the encaustic center
580 W. Arapaho Rd. #271, Richardson, Texas, 75080
Bonny Leibowitz has been an influential participant of the Dallas art community since the late '80s when she moved to Dallas. The artist studied at Temple University's Tyler College of Art in Philadelphia then worked at a Dallas gallery and eventually began exhibiting in the region and throughout the southwest. Her one person shows include those in Dallas, Palm Springs, Chicago, Hawaii and Santa Fe, to name a few.
Bonny has been recognized for her art internationally through Israel bonds, traveling to Israel with Partnership 2000 and has exhibited through North Texas Business Council for the Arts at IBM. Bonny is involved with art donations raising monies for Art and Advocacy benefiting the Dallas Children’s Advocacy Center. She was interviewed by Nancy Ruhling in Luxe Magazine's winter 2012 issue and by Lynnette Haggard, November, 2012.
Bonny's most recent body of work Symbiosis was presented in the Blurr exhibition with Ben Terry at Cohn Drennan Contemporary, Dallas, TX. August of 2012. Symbiosis has been selected for a solo exhibition at Museum of Art at Midwestern State University, Wichita Falls by Danny Bills, Curator of Collections and Exhibitions with a Gallery Reception and talk: Friday, November 9, 2012. The exhibit continues through January 25, 2013.
Bonny will be a Juror for the Plano Art Association 125 Show in March of 2013.
Bonny owns The Bonny Studio in Richardson, Texas, teaching painting classes and hosting drawing and sculpture workshops, and The Encaustic Center as well; teaching the art of painting with wax and hosting nationally recognized guest artists for workshops in their area of expertise.
Her presentation at the Sixth International Encaustic Conference in Provincetown, MA in June of 2012 was a featured part of the conference.
You can read more about Bonny in a recent interview by Lynette Haggard.
I create visually seductive works which question perceptions and consider alternative realities to long held beliefs.
In this body of work "Symbiosis", I am exploring our physical, spiritual and psychological make-up. By recontextualizing nature, inviting form and space to interact and procreate in new ways we observe formation on fast forward.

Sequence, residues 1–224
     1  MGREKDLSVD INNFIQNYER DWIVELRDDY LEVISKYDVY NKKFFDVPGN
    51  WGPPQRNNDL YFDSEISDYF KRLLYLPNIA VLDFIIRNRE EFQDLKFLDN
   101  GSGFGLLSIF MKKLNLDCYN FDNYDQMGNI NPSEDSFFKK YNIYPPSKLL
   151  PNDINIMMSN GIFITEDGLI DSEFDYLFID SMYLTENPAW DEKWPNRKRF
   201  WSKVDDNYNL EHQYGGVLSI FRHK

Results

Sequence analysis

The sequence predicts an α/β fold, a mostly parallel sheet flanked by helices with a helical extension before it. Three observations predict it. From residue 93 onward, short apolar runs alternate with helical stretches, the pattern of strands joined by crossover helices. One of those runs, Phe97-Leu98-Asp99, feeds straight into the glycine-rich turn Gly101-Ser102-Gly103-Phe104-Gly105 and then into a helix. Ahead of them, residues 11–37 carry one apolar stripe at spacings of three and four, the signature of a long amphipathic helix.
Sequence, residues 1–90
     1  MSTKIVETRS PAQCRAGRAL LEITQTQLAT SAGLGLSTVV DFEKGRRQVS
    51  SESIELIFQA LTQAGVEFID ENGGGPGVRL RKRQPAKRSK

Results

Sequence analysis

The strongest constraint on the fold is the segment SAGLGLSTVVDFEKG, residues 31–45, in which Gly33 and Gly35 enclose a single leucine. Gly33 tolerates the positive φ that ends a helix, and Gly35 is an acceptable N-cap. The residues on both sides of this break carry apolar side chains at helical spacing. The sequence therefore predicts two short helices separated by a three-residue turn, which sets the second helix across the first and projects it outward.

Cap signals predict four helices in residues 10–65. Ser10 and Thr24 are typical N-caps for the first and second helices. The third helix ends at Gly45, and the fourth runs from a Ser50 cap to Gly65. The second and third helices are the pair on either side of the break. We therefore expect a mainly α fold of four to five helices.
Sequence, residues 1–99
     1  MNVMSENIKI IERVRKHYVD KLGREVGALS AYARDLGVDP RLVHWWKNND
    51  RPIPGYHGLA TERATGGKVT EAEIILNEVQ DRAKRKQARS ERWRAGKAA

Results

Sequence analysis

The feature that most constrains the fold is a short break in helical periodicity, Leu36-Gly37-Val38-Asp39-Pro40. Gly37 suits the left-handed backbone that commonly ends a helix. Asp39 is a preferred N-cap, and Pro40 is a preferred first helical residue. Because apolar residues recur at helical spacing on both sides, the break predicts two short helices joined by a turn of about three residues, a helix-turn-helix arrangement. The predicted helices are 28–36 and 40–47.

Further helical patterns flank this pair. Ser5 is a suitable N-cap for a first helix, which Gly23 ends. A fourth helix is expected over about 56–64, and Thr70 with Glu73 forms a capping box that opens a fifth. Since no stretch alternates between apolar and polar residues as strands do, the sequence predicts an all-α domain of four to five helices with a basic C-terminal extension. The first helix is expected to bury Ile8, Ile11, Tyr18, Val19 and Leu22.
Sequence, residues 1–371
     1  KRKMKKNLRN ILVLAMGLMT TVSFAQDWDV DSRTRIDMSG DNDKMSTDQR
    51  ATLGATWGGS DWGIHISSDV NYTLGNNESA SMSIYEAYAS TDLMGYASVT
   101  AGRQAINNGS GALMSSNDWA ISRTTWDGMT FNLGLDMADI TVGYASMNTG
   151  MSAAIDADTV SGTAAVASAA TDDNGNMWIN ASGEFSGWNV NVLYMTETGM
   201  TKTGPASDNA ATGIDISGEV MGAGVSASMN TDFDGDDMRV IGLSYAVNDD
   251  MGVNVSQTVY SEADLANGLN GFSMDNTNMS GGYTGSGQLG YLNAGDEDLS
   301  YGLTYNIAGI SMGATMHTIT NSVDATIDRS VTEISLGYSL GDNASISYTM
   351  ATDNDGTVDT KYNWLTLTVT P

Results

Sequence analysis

Utilizing some of the great anatomical studies by DaVinci, I reveal a biological structure and create associations with organic forms such as mushrooms, plants and trees which in some cases offer and suggest a dialogue or intercourse with one another. Several pieces include elements of Peter Paul Rubens's "Massacre of the Innocents", an image with great struggle, movement and emotion as well as Bouguereau's "The Birth of Venus" with lovely putti in route to the heavens, all juxtaposed with big pink fur and compositions in which oceans, wings and mountains float about and ask if our notions of how things are is an absolute truth or a perception in this place and time.
Photography, encaustic wax and encaustic wax monotypes along with oil pigments have been a vital part of my art making process. The monotypes allow me to work on wonderful handmade Japanese papers in a very free form spontaneous manner. I sometimes allow the papers to extend past the board which gives a sense of growth and continuance.
Born in Houston in 1966, Deanna Wood spent most of her childhood moving around the country with her family, returning to Texas in 1982. She received a Bachelor of Fine Arts and a Master of Arts in graphic design, both from Texas Woman's University. She worked as a graphic designer in a corporate environment for 14 years. After leaving the corporate world, she decided to pursue a career in fine art, receiving a Master of Fine Arts in painting from Texas Woman's University in December of 2004.
She's been working with encaustic since 2004. Her solo exhibition, Seeking Shelter, has been exhibited in Oklahoma City, Oklahoma; Reno, Nevada; Manhattan, Kansas; Lamoni, Iowa; and Douglasville, Georgia.
We leave our mark on places, but I believe they also leave marks on us. This series explores that idea – how these places shape us, how we remember meaningful places, and how our memories of such places change over time.
The encaustic process involves melting beeswax with a natural resin and then adding pigment. Hot wax is brushed onto the surface and then fused with a heat gun or torch. I was drawn to encaustic because of the tactile quality and the endless possibilities to explore transparency and opacity.
The Encaustic Center was a finalist for the 2014 La Vendéenne Award in Excellence in Education!
In 2011 the La Vendéenne [la vahn day en] Awards were created in honour of the fourth century AD female encaustic artist, Laia, whose remains were found, along with the tools of her art, in La Vendée [la vahn day] region of France. The Awards are intended to recognize outstanding contributions to the advancement and practice of encaustic art.
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additional contact for questions:
The Encaustic Center
580 W Arapaho Rd. #271
Richardson, TX. 75080